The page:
Comparison of Standard Containers

This is a rough comparison of the different container types that are provided by the OCaml language or by the OCaml standard library. In each case, n is the number of valid elements in the container.

Note that the big-O cost given for some operations reflects the current implementation but is not guaranteed by the official documentation. Hopefully it will not become worse. Anyway, if you want more details, you should read the documentation about each of the modules. Often, it is also instructive to read the corresponding implementation.

Lists: immutable singly-linked lists

Adding an element always creates a new list l from an element x and list tl. tl remains unchanged, but it is not copied either.

  • "adding" an element: O(1), cons operator ::
  • length: O(n), function List.length
  • accessing cell i: O(i)
  • finding an element: O(n)

Well-suited for: IO, pattern-matching

Not very efficient for: random access, indexed elements

Arrays: mutable vectors

Arrays are mutable data structures with a fixed length and random access.

  • "adding" an element (by creating a new array): O(n)
  • length: O(1), function Array.length
  • accessing cell i: O(1)
  • finding an element: O(n)

Well-suited for sets of elements of known size, access by numeric index, in-place modification. Basic arrays have a fixed length.

Strings: immutable vectors

Strings are very similar to arrays but are immutable. Strings are specialized for storing chars (bytes) and have some convenient syntax. Strings have a fixed length. For extensible strings, the standard Buffer module can be used (see below).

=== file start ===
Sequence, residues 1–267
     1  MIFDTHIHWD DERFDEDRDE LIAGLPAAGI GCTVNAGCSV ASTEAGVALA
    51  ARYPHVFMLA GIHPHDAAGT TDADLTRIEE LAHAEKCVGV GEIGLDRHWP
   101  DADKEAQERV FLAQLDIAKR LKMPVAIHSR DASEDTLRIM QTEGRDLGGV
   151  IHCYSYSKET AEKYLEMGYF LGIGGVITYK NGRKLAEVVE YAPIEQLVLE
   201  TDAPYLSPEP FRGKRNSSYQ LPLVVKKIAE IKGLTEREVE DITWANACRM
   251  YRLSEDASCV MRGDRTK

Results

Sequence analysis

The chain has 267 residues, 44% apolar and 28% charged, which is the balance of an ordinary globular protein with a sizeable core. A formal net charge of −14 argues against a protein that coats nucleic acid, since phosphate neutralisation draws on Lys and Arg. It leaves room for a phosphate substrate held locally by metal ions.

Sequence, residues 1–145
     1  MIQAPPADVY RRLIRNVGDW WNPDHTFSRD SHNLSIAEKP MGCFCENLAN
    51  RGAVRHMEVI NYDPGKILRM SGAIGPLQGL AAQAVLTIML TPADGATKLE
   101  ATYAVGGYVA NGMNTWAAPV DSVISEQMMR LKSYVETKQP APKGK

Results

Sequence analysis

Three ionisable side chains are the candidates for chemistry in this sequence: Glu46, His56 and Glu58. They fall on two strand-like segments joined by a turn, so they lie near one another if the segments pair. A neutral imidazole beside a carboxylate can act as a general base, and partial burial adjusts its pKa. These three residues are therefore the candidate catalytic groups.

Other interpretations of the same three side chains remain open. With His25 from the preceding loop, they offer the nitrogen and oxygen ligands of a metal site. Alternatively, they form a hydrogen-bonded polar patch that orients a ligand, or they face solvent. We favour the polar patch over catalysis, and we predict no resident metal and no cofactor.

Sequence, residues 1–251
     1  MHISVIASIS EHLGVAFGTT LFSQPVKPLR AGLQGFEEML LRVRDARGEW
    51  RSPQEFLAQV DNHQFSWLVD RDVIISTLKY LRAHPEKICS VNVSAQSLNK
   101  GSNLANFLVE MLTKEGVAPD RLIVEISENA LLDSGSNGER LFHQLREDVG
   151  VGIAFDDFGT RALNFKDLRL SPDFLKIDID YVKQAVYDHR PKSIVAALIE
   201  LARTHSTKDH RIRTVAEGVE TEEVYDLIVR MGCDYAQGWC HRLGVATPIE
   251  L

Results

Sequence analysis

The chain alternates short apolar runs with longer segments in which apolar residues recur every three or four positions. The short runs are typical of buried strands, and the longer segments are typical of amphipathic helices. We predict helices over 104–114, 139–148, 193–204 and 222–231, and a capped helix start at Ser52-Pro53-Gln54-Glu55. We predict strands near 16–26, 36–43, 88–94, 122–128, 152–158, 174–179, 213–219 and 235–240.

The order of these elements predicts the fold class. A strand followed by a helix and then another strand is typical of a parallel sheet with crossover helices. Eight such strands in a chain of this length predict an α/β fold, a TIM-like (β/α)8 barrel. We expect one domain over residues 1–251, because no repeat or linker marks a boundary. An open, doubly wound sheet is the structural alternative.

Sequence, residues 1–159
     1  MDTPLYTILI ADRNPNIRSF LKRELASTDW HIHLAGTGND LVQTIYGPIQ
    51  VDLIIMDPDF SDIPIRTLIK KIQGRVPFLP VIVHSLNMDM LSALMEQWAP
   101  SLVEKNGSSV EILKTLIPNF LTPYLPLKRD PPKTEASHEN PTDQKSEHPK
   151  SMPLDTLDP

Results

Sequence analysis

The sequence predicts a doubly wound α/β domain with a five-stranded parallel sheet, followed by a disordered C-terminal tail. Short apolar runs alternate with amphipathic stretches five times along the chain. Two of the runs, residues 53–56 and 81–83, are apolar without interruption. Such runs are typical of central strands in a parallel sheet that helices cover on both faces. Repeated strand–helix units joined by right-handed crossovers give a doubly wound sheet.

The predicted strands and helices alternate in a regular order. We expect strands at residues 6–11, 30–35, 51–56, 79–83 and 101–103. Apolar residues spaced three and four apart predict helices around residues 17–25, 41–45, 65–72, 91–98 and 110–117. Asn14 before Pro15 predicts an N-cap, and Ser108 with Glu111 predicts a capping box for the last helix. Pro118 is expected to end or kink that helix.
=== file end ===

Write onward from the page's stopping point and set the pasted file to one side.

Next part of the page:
• "adding" an element (by creating a new string): O(n)
  • length: O(1)
  • accessing character i: O(1)
  • finding an element: O(n)

Set and Map: immutable trees

Like lists, these are immutable and they may share some subtrees. They are a good solution for keeping older versions of sets of items.

  • "adding" an element: O(log n)
  • returning the number of elements: O(n)
  • finding an element: O(log n)

Sets and maps are very useful in compilation and meta-programming, but in other situations hash tables are often more appropriate (see below).

Hashtbl: automatically growing hash tables

Ocaml hash tables are mutable data structures, which are a good solution for storing (key, data) pairs in one single place.

  • adding an element: O(1) if the initial size of the table is larger than the number of elements it contains; O(log n) on average if n elements have been added in a table which is initially much smaller than n.
  • returning the number of elements: O(1)
  • finding an element: O(1)

Buffer: extensible strings

Buffers provide an efficient way to accumulate a sequence of bytes in a single place. They are mutable.

  • adding a char: O(1) if the buffer is big enough, or O(log n) on average if the initial size of the buffer was much smaller than the number of bytes n.
  • adding a string of k chars: O(k * "adding a char")
  • length: O(1)
  • accessing cell i: O(1)


OCaml queues are mutable first-in-first-out (FIFO) data structures.

  • adding an element: O(1)
  • taking an element: O(1)
  • length: O(1)


OCaml stacks are mutable last-in-first-out (LIFO) data structures. They are just like lists, except that they are mutable, i.e. adding an element doesn't create a new stack but simply adds it to the stack.

  • adding an element: O(1)
  • taking an element: O(1)
  • length: O(n)